News Release: Research
Dec. 9, 2009
Daily Pot Smoking May Hasten Onset of Psychosis
Progression to daily marijuana use in adolescence may hasten the onset of symptoms leading up to psychosis, an Emory University study finds. The study was published in the November issue of the American Journal of Psychiatry.
The researchers analyzed data from 109 hospitalized patients who were experiencing their first psychotic episode. The results showed that patients who had a history of using marijuana, or cannabis, and increased to daily pot smoking experienced both psychotic and pre-psychotic symptoms at earlier ages.
"We were surprised that it wasn't just whether or not they used cannabis in adolescence that predicted the age of onset, rather it was how quickly they progressed to becoming a daily cannabis user that was the stronger predictor," said Michael Compton, lead author and assistant professor of psychiatry in the Emory School of Medicine.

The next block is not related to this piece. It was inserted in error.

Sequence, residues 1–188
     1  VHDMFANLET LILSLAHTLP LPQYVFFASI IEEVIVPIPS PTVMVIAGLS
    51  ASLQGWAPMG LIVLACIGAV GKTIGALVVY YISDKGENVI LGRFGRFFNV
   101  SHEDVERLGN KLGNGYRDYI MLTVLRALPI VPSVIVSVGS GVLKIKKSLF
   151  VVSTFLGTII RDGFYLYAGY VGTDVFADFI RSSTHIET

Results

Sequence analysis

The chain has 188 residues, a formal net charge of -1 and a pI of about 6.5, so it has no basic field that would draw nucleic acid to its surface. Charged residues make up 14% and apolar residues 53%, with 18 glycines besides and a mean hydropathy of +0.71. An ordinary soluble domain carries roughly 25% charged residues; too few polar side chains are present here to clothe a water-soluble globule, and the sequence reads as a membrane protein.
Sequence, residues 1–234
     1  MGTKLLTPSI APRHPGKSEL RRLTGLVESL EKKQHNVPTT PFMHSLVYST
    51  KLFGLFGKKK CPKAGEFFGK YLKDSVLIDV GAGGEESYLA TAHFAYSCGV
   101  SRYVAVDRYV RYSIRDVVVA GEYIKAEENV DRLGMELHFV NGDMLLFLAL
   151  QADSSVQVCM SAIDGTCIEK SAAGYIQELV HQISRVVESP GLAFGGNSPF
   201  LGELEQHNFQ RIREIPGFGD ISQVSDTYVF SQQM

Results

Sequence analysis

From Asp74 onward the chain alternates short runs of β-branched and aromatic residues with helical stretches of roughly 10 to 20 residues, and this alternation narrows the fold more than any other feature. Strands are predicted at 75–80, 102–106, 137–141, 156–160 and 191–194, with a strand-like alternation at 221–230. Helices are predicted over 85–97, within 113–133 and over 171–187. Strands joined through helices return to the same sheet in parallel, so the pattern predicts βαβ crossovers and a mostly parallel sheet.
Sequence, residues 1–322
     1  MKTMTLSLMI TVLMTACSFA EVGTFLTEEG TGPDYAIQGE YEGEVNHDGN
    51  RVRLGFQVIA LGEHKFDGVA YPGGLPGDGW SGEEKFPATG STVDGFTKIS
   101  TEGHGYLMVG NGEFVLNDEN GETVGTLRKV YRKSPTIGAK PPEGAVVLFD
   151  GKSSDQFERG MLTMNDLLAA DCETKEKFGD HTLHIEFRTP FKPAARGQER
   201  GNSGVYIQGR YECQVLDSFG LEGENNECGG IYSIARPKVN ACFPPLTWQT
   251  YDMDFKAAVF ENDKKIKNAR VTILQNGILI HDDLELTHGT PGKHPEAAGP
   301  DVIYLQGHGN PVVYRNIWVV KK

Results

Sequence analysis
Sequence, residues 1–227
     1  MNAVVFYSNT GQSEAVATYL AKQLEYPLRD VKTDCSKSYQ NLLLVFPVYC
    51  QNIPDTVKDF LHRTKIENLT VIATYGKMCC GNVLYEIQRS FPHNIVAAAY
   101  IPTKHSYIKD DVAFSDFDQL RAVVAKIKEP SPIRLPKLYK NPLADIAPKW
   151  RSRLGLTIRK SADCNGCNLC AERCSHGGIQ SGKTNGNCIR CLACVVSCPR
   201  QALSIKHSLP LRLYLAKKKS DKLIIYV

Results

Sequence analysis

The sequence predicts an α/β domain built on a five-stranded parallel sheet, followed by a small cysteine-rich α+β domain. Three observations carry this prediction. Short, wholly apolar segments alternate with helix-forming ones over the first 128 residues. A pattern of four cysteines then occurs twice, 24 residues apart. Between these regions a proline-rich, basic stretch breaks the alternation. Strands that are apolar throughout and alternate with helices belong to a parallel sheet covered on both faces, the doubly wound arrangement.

The study also found a gender difference: The female subjects who progressed to daily pot smoking had a greater increased risk for the onset of psychosis than the males.
Marijuana is the most abused illicit substance among people with schizophrenia, the most extreme form of psychosis, and previous research has shown that smoking pot is likely a risk factor for the disease.
The Emory study also focused on what is known as the prodromal period, when a person has symptoms such as unusual sensory experiences, which are often precursors to frank hallucinations and delusions. Prodromal symptoms can occur months, or years, before a diagnosis of psychosis. About 30 to 40 percent of prodomal teenagers will eventually develop schizophrenia or another psychotic disorder.
"The prodromal period is especially important because it's considered to be a critical time for preventive intervention," says Elaine Walker, a co-investigator of the study and professor of psychology and neuroscience at Emory.
The study also involved researchers from Emory's Rollins School of Public Health and Georgia State University. It was funded by the National Institute of Mental Health.